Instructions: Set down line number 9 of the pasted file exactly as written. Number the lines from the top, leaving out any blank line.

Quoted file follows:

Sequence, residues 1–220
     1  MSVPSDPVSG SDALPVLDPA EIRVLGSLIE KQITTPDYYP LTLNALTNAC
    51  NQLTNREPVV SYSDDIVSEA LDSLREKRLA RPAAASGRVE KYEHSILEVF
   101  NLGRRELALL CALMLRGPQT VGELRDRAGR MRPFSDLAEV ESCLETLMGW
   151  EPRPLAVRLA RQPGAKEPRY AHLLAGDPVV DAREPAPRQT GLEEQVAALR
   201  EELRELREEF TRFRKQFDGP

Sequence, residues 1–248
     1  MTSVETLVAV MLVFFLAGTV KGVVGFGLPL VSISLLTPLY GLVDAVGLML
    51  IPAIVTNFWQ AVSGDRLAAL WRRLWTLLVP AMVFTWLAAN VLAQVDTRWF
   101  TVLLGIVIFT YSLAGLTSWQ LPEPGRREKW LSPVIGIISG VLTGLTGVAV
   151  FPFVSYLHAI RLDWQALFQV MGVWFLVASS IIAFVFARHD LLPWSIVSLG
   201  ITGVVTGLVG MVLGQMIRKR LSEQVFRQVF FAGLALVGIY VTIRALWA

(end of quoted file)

    51  IPAIVTNFWQ AVSGDRLAAL WRRLWTLLVP AMVFTWLAAN VLAQVDTRWF